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Reprod Biol Endocrinol. 2014 Aug 7;12:76. doi: 10.1186/1477-7827-12-76.

Androgenic regulation of beta-defensins in the mouse epididymis.

Author information

1
Center for Reproductive Medicine, Renji Hospital, School of Medicine, Shanghai Jiaotong University, Shanghai Key Laboratory for Assisted Reproduction and Reproductive Genetics, Shanghai 200135, China. syun163@163.com.

Abstract

BACKGROUND:

The majority of beta-defensin family members are exclusively expressed in the epididymis, and some members have been shown to play essential roles in sperm maturation and fertility in rats, mice and humans. Therefore, beta-defensins are hypothesized to be potential targets for contraception and infertility diagnosis and treatment. Clarifying the regulatory mechanisms for the expression of these genes is necessary. Androgen/androgen receptor (AR) signaling plays an important regulatory role in epididymal structure and function. However, very little is known about the androgenic regulation on the production and secretion of the epididymal beta-defensins.

METHODS:

The expression of beta-defensins was detected by quantitative RT-PCR. The androgen dependence of beta-defensins was determined by bilateral orchiectomy and androgen supplementation. The androgen response elements (AREs) in the promoters of beta-defensins were identified using the MatInspector software. The binding of AR to AREs was assayed by ChIP-PCR/qPCR.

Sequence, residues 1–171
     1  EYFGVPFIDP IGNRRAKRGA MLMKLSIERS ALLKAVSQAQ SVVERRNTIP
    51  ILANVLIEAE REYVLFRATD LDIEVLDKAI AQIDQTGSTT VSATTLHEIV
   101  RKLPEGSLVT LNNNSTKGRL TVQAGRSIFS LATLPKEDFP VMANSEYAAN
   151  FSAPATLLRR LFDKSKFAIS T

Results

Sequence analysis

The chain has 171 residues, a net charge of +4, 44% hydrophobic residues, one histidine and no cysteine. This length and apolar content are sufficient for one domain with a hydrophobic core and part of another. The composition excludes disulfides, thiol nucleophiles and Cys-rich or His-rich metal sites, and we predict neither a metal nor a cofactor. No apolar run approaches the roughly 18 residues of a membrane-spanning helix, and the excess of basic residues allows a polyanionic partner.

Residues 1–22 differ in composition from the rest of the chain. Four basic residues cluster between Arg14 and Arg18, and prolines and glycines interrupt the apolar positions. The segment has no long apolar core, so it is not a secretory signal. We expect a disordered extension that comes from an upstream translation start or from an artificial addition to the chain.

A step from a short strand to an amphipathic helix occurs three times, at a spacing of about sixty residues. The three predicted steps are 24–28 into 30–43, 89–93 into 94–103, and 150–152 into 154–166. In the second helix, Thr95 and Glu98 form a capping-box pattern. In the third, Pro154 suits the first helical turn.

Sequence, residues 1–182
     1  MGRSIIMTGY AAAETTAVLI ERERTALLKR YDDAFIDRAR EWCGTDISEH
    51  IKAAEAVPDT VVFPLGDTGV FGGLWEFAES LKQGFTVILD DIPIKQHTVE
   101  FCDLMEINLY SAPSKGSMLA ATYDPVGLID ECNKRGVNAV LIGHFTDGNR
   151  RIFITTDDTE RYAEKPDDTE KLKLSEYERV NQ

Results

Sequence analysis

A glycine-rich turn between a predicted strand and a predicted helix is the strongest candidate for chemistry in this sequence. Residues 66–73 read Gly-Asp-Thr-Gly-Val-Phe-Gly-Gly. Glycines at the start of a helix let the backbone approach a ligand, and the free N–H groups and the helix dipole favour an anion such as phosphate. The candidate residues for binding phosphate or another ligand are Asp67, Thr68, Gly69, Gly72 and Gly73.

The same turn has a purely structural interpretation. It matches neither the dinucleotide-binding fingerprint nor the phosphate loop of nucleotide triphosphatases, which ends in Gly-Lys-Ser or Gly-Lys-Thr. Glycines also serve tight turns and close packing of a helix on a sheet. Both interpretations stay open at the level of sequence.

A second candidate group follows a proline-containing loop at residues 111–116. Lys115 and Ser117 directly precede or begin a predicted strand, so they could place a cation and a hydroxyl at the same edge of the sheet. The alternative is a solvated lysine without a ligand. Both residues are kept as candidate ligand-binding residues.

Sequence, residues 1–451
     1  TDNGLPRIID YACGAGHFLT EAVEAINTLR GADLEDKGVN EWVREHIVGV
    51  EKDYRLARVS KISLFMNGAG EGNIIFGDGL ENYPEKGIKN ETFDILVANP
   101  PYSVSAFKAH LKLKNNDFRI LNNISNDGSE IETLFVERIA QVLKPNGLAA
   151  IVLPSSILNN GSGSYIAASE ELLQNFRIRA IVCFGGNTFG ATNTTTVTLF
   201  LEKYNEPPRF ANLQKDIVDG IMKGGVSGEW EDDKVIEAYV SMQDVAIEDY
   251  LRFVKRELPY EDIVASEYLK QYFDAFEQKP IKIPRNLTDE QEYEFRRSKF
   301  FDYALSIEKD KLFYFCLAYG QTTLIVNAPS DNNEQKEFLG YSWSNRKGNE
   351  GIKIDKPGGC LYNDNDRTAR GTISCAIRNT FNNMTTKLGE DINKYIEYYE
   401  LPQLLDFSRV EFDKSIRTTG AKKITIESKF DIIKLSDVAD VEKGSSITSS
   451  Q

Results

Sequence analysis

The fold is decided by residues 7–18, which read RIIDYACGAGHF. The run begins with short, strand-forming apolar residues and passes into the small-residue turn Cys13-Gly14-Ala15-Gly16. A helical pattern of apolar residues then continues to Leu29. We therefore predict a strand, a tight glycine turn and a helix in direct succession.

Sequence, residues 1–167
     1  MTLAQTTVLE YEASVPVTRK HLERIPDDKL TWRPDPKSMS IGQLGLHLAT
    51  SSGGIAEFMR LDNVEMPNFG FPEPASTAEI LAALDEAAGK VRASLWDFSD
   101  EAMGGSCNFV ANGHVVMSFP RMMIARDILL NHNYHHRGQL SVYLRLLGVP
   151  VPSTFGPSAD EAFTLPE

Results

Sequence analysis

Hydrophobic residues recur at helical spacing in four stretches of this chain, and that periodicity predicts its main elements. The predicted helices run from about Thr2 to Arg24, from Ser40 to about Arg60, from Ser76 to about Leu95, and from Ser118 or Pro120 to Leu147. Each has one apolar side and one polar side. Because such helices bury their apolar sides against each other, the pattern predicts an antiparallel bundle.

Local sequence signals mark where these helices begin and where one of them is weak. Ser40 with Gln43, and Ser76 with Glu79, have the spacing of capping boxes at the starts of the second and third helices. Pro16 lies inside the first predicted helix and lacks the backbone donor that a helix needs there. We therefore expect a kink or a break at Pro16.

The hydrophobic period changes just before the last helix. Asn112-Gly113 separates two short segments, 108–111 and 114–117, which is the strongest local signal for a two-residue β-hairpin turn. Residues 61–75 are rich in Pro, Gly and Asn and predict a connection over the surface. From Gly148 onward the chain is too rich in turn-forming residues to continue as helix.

RESULTS:

We demonstrated that 23 mouse caput epididymal beta-defensins were differentially regulated by androgen/androgen receptor. Six genes, Defb18, 19, 20, 39, 41, and 42, showed full regulation by androgens. Ten genes, Defb15, 30, 34, 37, 40, 45, 51, 52, 22 and Spag11a, were partially regulated by androgens. Defb15, 18, 19, 20, 30, 34, 37, 39, 41, 42, 22 and Spag11a were associated with androgen receptor binding sites in their promoter or intronic regions, indicating direct regulation of AR. Six genes, Defb1, 12, 13, 29, 35, and spag11b/c, exhibited an androgen-independent expression pattern. One gene, Defb25, was highly dependent on testicular factors rather on androgens.

CONCLUSIONS:

The present study provides novel insights into the mechanisms of androgen regulation on epididymal beta-defensins, enabling a better understanding of the function of beta-defensins in sperm maturation and fertility.

PMID:
25099571
PMCID:
PMC4127520
DOI:
10.1186/1477-7827-12-76
[Indexed for MEDLINE]
Free PMC Article
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